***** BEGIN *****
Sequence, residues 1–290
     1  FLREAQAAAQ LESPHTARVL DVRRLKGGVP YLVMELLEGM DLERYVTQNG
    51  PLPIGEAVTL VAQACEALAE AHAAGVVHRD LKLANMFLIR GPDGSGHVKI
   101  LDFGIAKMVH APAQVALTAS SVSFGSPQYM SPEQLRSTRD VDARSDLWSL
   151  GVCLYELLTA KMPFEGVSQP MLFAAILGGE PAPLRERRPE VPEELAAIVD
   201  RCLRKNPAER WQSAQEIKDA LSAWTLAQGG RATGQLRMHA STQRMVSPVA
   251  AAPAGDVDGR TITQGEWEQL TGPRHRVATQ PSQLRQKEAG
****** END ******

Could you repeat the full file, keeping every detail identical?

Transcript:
Sequence, residues 1–290
     1  FLREAQAAAQ LESPHTARVL DVRRLKGGVP YLVMELLEGM DLERYVTQNG
    51  PLPIGEAVTL VAQACEALAE AHAAGVVHRD LKLANMFLIR GPDGSGHVKI
   101  LDFGIAKMVH APAQVALTAS SVSFGSPQYM SPEQLRSTRD VDARSDLWSL
   151  GVCLYELLTA KMPFEGVSQP MLFAAILGGE PAPLRERRPE VPEELAAIVD
   201  RCLRKNPAER WQSAQEIKDA LSAWTLAQGG RATGQLRMHA STQRMVSPVA
   251  AAPAGDVDGR TITQGEWEQL TGPRHRVATQ PSQLRQKEAG